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I WILL ALWAYS REMEMBER YOU

 

As a part of cancer awareness month this October, my friend Anwuli gracefully and generously shares her experiences with this letter to her late mother.

 

 

Dear Mummy,

It’s been 21 years since you passed away.

We are all grown up now, five of us. I know you would be pleased that we are well. You have a granddaughter now, and she looks exactly like you—it’s a scary resemblance.

I have struggled to keep your memory alive. I woke up one day and tried to recall the sound of your voice, and realized that I couldn’t.  I feared that my memories of you would become fragments, and I would have to recreate false ones. But I still see your face vividly, in my mind and in your granddaughter’s.

When we were children, I remember that you weren’t my favourite parent. I stuck to daddy all the time, tagging along to visit his friends, and to the tennis club after school. Even then, I couldn’t compete for your affection with Nneka and Ifeanyi. I barely remember moments that I shared with you. It is all sketchy in my mind: the trips to swim with your best friend and her kids; the clothes you bought for me; the way you would spank me when I did something wrong then bribe me not long after with a 5 Naira note. I have fond memories of running around the corridors of your office at Bonny Camp.

The most vivid memories are the periods when you fell sick. I was 11 I think, and I did not know you were sick. I like to believe you did not know how serious your illness was because one day you disappeared without telling us where you were going, and when you returned, I noticed that one of your breasts had been removed.

I feel that those months were probably the only times that we were really close. You seemed healthy after you returned. But not too long after, you got sick again.  Nneka and Ifeanyi were now in boarding school, and Ifeoma and Onyeka, were too young to understand, I guess. Daddy had to go to work; and many times I was home alone with you. The sound of your cries still rings in my ears, telling me to take away the pain. How could I? I was only 11. But sometimes, I would wake up before the daybreak to hold you, hoping that you would be comforted and the pain would go away. Even on a school day. I recall I feared coming home because it hurt too much to watch you cry. And then one day I  learned that you had returned to the hospital.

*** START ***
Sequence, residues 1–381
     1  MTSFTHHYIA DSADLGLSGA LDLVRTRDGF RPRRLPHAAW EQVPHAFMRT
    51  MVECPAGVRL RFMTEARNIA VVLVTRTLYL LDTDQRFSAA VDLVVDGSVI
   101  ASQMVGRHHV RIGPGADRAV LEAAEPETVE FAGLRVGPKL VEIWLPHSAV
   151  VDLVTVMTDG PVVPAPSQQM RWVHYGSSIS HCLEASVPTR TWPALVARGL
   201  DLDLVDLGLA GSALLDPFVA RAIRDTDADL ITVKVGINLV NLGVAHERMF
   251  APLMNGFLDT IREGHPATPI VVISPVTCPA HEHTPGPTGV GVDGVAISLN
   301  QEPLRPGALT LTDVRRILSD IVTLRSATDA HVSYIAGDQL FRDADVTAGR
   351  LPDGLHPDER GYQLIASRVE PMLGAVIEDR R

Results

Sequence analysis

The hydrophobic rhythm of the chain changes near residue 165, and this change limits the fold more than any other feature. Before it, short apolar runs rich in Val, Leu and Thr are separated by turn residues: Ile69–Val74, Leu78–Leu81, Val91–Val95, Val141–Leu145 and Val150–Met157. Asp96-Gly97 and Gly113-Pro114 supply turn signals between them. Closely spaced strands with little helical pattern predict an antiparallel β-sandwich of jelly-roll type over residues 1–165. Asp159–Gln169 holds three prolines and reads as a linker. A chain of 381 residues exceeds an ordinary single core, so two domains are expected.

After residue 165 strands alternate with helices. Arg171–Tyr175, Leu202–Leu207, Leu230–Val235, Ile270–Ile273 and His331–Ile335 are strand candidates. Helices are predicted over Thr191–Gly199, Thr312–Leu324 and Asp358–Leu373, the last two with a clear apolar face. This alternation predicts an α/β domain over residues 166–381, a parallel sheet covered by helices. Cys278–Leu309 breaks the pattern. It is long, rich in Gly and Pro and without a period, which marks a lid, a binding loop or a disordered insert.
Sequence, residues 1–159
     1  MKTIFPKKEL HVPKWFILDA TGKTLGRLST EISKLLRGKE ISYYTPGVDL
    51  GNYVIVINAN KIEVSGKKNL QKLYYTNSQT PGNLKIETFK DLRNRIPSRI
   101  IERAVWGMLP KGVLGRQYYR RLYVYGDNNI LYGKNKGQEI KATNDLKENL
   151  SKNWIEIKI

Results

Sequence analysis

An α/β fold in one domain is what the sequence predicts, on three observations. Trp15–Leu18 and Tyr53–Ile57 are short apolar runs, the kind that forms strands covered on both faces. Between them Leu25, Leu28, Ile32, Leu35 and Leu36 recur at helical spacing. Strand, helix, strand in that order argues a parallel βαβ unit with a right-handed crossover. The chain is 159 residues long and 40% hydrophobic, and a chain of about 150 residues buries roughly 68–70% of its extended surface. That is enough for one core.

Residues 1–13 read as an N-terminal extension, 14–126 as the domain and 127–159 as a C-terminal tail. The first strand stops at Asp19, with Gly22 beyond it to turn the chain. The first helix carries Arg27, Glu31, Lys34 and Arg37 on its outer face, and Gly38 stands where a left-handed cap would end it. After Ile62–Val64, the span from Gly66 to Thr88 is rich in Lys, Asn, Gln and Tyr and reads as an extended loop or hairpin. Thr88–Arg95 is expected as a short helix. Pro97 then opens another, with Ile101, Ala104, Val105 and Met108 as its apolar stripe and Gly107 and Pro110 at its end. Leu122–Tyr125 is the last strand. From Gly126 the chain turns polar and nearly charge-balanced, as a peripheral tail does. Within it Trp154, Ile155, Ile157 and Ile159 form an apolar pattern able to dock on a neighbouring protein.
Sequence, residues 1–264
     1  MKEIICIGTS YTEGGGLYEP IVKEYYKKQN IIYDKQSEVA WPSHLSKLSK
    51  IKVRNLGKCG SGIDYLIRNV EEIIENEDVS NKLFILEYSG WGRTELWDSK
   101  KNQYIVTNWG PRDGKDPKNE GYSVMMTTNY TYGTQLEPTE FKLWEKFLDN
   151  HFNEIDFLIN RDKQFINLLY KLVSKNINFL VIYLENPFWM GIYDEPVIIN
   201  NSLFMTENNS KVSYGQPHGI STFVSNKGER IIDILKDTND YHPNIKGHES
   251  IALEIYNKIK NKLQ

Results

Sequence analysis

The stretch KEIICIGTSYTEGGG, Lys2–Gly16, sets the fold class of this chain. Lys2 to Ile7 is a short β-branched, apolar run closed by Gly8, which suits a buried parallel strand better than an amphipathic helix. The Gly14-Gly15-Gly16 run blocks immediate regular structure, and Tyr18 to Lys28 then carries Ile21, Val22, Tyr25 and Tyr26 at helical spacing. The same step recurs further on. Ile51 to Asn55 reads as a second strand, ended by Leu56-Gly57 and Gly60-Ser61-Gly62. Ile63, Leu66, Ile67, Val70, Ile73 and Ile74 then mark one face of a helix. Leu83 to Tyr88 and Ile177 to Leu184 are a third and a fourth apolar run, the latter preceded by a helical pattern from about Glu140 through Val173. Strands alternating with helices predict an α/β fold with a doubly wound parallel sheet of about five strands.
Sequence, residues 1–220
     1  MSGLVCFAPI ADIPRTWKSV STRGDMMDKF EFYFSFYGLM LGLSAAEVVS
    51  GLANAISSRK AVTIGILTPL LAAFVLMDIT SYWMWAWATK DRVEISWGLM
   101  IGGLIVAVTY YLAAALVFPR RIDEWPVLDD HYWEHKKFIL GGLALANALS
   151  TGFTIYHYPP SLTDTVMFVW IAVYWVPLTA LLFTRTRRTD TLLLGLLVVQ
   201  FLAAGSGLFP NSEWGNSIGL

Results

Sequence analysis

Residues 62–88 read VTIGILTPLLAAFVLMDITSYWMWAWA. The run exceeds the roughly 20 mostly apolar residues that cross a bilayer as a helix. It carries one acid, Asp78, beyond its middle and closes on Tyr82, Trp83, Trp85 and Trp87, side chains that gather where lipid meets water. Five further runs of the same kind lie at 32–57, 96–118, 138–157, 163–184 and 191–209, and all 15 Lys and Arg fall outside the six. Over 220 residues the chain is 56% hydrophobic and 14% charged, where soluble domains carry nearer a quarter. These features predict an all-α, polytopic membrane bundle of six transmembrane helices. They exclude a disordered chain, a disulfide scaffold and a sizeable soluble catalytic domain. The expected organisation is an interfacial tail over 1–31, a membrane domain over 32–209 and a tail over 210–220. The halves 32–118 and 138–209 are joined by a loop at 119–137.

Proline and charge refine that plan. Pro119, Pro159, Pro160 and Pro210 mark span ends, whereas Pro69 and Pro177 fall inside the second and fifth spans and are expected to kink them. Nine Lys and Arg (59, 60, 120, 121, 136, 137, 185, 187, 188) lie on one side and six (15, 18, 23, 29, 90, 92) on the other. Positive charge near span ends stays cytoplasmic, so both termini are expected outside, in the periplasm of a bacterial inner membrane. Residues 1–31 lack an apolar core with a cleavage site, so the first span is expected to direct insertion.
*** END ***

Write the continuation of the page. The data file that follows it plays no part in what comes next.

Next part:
I don’t know how long I had to endure watching you suffer, but I was happy when we visited you at the hospital and you had treats for us, sweets to eat. There were many weekends you seemed like you were recovering, until that Sunday in September.

Daddy and I had come to visit. I think it was just the two of us. It was raining hard, I remember. There was a strong wind, and it seemed pitch dark outside. I hated storms, and I was scared. That day you lay on your bed and it appeared you were asleep. Daddy spoke with the nurses quietly, and then told me we had to leave. You didn’t say a word to me, and there were no treats for me that day. I was disappointed.

I don’t remember the rest of the day or the storm clearing, but I remember that someone came to the house the next day at noon. They were whispering with daddy and then everyone fell silent. I lay on my belly on the top of the stairs, and peeked through the spaces that led to the parlour. I knew that something had happened to you; How does an 11-year-old know that, sense that?

But what did I feel? I was a child, and I went back to play with my sisters. We made a racket upstairs, wet from our bath, running around half naked, but daddy didn’t scold us, didn’t tell us to play quietly. I don’t think he said much that day, and many days after that. The house was always filled with guests, day after day. Thinking about it now, I think I felt relieved. It was too painful watching you cry night after night, and I couldn’t do anything about it. Now I wonder if you would still be here if we knew as much as we know now about your illness, breast cancer.

But you’re gone, I’m grown, and I still miss you. We all miss you, all your children. You have been missing from some of the most important moments in our lives, and we have struggled with your absence, but I think we have come out as strong as you would like us to be.

We will always love you, and I will always remember you.

 

With Lots of Love,

Your daughter,

Anwuli

Please support the 1k4Cancer campaign which raises funds to support women from low income families with their cancer treatment. All funds generated during the campaign supports women under the care of Sebeccly Cancer Care And Support Centre.
Visit www.1k4cancer.org or call +234 809 008 8922

You can make your donations in the name of

Sebeccly Cancer Care And Support Centre

Fidelity Bank 4520003810

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